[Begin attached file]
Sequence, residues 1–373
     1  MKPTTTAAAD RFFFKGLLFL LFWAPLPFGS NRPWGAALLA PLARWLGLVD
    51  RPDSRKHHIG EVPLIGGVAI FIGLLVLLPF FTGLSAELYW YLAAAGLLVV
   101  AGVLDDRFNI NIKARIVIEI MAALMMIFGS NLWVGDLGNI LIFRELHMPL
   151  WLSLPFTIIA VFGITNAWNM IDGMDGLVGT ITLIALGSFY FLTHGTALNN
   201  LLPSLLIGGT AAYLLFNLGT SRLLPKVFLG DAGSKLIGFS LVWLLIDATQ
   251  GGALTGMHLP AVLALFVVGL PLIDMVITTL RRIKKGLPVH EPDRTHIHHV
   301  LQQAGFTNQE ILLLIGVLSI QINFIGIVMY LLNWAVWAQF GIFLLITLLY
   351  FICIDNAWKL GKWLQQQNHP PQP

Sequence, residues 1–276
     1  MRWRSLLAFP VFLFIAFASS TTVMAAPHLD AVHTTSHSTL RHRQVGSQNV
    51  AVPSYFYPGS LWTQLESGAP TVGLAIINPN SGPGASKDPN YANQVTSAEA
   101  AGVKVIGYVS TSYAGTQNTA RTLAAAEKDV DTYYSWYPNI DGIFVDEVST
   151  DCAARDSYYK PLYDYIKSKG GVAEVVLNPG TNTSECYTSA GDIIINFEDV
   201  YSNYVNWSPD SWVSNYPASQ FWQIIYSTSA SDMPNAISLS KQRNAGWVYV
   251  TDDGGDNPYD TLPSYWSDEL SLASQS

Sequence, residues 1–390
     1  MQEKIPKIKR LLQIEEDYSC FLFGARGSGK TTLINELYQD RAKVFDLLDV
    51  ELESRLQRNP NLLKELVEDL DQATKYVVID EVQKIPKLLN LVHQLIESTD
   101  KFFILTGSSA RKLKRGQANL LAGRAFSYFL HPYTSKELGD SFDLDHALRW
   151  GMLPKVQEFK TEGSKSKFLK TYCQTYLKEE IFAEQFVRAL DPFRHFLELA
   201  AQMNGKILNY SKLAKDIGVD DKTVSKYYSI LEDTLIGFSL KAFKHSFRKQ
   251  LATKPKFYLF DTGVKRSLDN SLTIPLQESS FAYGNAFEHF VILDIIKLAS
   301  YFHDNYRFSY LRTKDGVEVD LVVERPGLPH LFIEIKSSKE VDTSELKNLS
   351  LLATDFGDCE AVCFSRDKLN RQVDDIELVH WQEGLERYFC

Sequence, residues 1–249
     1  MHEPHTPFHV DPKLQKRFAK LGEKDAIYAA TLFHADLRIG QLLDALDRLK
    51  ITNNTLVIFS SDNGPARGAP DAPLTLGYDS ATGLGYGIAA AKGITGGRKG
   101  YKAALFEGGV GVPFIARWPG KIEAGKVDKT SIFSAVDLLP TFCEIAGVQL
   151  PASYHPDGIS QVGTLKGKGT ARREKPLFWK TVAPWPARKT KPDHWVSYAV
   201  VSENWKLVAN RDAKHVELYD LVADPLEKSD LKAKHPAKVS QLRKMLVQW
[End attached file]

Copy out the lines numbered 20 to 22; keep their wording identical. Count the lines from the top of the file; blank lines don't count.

   101  KFFILTGSSA RKLKRGQANL LAGRAFSYFL HPYTSKELGD SFDLDHALRW
   151  GMLPKVQEFK TEGSKSKFLK TYCQTYLKEE IFAEQFVRAL DPFRHFLELA
   201  AQMNGKILNY SKLAKDIGVD DKTVSKYYSI LEDTLIGFSL KAFKHSFRKQ